Here’s a piece I wrote for the Wall Street Journal
Clovis Clark, age 59, is a professional nurse. But she also has spent time recently as a conniving, murderous sister and a madam in a brothel.
Her latter roles came courtesy of an Atlanta theater group, the Past Prime Players.
“I love this,” says the Ellenwood, Ga., resident, who has performed in dramas, comedies, murder mysteries, skits and monologues. “Acting is an opportunity to become someone else.”
The 50-plus crowd is stage-struck. Across the country, growing numbers of older adults are joining theater companies and signing up for classes in acting, directing and playwriting. Many—empty-nesters or newly retired—have never set foot on a stage and are seeking new outlets. But many others, like Ms. Clark, caught the acting bug in high school or college, before pursuing other (paying) careers.
Now, they’re back. And finding new rewards.
“The experience of acting is very different as a 50-something-year-old,” says Karen Sellinger in Albany, Calif. She majored in theater in college but opted to be a psychologist.
Now, at age 60, she’s taking classes at Stagebridge, a senior theater company in Oakland, Calif.
“There’s not this dog-eat-dog competition,” Ms. Sellinger says. “It’s a…community where we’re all rooting for, and supporting, each other.
“We’re all struggling with health issues and memory,” she adds. But “I’m not thinking about my stage of life on stage. I don’t feel my knee hurt. Age is not a part of it.”
Stagebridge is evidence of the trend. Currently, 250 people take one or more of the 30 classes taught weekly in acting, playwriting, improv, storytelling, singing and musical theater, among other subjects. The number of courses has doubled in the past five years. At least half of the enrollees are ages 50 to 70.
In all, the company has eight performing troupes that visit schools, senior centers, public theaters and adult day centers. Every other year, the nonprofit commissions a play in which both professionals and students act.
“The appeal for many is that they know they’re going to be working with a group of people,” says Stuart Kandell, the founder of Stagebridge. “What they may not realize is that the group becomes a real family. Laughing, depending upon one another, making mistakes and recovering together builds a real bond.”
Bonnie Vorenberg, president of ArtAge Publications’ Senior Theatre Resource Center in Portland, Ore., which works with theater groups across the country and internationally, says she now has 791 senior theater groups in her database—up from 79 in 1997. While the growth is welcome, new organizations, she says, invariably face a steep learning curve.
Put another way: “King Lear” isn’t always the right play to start with.
“What works well for older actors is a very narrow genre,” Ms. Vorenberg explains. “Plays can’t be too long—short work is best, at 10 to 20 minutes—[and] they can’t be too difficult because that would require more rehearsals, and people will say, ‘I’m not doing this.’ But they can’t be too easy because then actors won’t be artistically challenged.” (Some companies have actors read their scripts on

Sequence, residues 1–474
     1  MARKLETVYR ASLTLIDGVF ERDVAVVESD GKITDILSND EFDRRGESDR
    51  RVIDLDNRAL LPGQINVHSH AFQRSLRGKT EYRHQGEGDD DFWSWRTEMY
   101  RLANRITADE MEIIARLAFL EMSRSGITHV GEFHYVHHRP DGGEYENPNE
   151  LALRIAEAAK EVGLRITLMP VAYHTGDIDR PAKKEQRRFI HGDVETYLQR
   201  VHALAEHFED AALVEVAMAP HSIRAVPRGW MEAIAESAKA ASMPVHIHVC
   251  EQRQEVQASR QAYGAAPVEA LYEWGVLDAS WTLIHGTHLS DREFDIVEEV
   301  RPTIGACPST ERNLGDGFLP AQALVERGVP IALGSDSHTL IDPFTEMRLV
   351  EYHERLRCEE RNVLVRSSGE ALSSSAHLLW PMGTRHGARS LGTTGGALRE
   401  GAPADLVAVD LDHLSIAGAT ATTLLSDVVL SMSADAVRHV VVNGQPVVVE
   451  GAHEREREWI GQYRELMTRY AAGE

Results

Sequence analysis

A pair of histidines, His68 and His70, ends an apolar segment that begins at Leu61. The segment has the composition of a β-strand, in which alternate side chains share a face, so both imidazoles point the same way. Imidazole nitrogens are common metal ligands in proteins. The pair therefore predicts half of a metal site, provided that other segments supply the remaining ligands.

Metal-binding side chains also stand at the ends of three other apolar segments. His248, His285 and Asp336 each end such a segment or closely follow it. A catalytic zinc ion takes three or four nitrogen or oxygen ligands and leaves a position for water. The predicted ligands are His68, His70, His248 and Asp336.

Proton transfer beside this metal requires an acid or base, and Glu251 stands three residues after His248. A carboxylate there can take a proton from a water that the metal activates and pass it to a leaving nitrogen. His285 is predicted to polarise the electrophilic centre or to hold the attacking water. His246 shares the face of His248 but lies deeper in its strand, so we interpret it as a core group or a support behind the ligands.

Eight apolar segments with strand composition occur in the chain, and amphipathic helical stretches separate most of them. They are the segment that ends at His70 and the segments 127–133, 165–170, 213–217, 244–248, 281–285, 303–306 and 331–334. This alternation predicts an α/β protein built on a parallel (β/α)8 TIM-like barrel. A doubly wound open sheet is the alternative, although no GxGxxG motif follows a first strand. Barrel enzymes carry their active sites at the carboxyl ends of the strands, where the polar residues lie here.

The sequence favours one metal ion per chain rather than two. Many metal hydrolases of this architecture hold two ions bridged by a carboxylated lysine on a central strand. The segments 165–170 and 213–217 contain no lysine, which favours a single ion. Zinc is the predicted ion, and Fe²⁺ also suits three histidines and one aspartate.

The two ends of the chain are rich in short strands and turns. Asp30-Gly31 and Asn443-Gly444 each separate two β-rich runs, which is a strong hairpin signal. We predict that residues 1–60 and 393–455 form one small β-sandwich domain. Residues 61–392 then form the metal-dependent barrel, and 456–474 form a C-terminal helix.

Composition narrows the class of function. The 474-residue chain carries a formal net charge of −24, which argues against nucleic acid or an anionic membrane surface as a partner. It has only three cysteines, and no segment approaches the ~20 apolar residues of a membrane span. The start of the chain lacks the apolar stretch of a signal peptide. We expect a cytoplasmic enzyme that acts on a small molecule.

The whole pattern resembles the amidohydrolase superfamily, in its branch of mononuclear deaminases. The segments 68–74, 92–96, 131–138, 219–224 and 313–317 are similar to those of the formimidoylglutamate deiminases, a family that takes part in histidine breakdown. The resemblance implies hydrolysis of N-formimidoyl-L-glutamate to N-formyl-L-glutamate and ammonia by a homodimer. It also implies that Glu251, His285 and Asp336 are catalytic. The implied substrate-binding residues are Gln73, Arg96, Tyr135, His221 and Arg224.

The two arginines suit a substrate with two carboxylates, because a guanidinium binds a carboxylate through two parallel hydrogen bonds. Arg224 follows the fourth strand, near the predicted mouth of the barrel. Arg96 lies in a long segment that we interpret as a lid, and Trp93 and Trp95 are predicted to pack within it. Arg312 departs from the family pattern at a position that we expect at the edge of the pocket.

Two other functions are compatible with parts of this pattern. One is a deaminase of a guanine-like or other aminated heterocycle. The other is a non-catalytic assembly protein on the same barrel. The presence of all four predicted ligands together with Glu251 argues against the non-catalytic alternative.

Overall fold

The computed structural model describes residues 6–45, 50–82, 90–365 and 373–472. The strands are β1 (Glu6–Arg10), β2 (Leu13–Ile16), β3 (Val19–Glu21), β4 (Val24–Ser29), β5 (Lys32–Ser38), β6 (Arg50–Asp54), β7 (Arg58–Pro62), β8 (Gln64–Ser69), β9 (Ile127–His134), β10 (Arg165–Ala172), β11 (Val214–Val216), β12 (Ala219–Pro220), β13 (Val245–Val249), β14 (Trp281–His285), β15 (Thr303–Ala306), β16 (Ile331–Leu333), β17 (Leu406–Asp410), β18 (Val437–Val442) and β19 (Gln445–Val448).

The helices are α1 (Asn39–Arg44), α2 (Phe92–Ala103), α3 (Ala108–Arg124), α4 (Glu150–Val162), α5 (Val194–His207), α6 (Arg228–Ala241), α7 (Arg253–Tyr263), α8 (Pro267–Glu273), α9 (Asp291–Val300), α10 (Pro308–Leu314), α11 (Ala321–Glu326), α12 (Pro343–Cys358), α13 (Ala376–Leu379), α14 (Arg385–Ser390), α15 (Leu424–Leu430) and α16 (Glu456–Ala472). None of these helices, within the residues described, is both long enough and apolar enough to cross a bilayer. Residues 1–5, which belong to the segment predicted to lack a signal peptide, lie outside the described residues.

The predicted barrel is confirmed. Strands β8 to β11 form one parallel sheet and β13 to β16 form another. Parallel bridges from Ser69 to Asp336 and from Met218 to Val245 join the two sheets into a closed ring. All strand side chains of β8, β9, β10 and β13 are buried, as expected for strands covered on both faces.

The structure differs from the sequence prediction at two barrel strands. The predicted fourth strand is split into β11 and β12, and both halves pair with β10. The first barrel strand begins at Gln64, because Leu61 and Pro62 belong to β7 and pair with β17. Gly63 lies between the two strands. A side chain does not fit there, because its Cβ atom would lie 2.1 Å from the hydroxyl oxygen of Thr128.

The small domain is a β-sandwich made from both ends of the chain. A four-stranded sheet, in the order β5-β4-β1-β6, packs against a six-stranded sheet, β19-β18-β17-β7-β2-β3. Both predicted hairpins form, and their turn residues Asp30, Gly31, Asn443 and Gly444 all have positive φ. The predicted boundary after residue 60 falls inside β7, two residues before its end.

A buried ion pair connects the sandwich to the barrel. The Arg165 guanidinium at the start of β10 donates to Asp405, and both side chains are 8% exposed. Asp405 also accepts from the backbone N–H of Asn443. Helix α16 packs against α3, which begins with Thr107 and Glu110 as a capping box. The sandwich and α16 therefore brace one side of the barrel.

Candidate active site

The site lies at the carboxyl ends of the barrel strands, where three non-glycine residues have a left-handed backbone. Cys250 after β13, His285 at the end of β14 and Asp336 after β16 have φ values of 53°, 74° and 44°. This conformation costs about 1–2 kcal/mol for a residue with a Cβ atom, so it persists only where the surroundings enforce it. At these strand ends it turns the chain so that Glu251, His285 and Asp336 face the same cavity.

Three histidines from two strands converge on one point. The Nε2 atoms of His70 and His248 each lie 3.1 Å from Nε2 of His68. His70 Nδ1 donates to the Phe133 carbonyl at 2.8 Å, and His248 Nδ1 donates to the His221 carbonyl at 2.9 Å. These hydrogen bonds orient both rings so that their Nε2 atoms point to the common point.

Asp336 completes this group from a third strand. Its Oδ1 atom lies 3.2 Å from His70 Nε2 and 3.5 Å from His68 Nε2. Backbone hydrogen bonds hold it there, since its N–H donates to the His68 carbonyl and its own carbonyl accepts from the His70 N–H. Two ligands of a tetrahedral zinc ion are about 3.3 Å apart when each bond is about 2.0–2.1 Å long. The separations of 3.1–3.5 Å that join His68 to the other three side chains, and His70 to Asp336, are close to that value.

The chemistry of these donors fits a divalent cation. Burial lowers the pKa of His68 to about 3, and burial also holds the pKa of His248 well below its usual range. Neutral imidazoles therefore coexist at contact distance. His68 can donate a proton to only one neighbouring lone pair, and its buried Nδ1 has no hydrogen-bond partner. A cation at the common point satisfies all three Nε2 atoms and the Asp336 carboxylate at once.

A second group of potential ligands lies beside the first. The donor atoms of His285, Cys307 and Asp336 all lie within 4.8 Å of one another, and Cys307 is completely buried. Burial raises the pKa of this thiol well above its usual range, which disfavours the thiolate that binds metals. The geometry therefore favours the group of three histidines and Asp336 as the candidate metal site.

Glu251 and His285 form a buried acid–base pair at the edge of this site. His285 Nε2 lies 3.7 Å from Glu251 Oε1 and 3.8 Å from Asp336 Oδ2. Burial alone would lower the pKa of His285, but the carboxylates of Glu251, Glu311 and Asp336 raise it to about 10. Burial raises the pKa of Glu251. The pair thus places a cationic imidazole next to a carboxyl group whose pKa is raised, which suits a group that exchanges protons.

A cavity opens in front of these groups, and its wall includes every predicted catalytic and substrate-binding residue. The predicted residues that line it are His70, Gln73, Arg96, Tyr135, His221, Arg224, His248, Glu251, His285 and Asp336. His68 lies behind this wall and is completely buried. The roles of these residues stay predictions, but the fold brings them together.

stage; others require them to memorize their lines.)
Scriptwriters, directors and actors say that, increasingly, shows with modern, realistic themes resonate. Audiences—and, in particular, older theatergoers—want to see older adults in positive roles, whether it’s having a new job or being sexually active.
Says Mr. Kandell at Stagebridge: “Theatrical literature has mirrored the popular cultural views of how we see older adults: either as pathetic victims trapped in nursing homes or as super grannies surfing huge waves and running marathons.”
Another challenge for senior theater groups: money. Actors are usually amateurs—not a big draw for donors. And funding for aging doesn’t usually go to the arts. Rather than considered life-enhancing, theater groups often are regarded as a frill.
The challenges haven’t deterred Monciella Elder, 61, from becoming a theater director and playwright. In 2009, the professional singer and actor had to stop performing due to multiple sclerosis. “I was so depressed,” she recalls. Then a nearby senior center asked her to run its drama club. Soon after, she left to found Past Prime Players in Atlanta.
Ms. Elder has taken the 18 or so actors, ages 57 to 68, “from ground zero,” she says. She trains them in voice projection, character development, improvisation and acting, along with lighting, sound and set design. In the past four years, she has written and directed more than 20 plays and skits.
For casting, she puts commitment before auditions. Actors must agree to attend twice-weekly, two-hour rehearsals, and three or four a week closer to production.
Her troupe has played at churches, women’s conferences, dinner theaters, schools and senior centers, as well as large venues in Atlanta, New Orleans and Atlantic City (where Ms. Clark played her role as a lady of the evening). Along with lighter themes, Ms. Elder has tackled spousal abuse, death and loss, and sexual orientation.
Before every performance, the actors tell the audience, “We may be past our prime, but we still love to play.” Through her work, Ms. Elder also hopes to dispel stereotypes about aging and to inspire others in their 50s and beyond. Her message: It’s never too late to follow your dreams.
Right on cue, after every performance, Ms. Elder says her phone rings with inquiries from audience members who want to join the Past Prime Players.
At a recent rehearsal, she suggested the group take a week off. They wouldn’t hear of it.
“I can’t get them to go home,” she says. “They’re enjoying themselves so much.”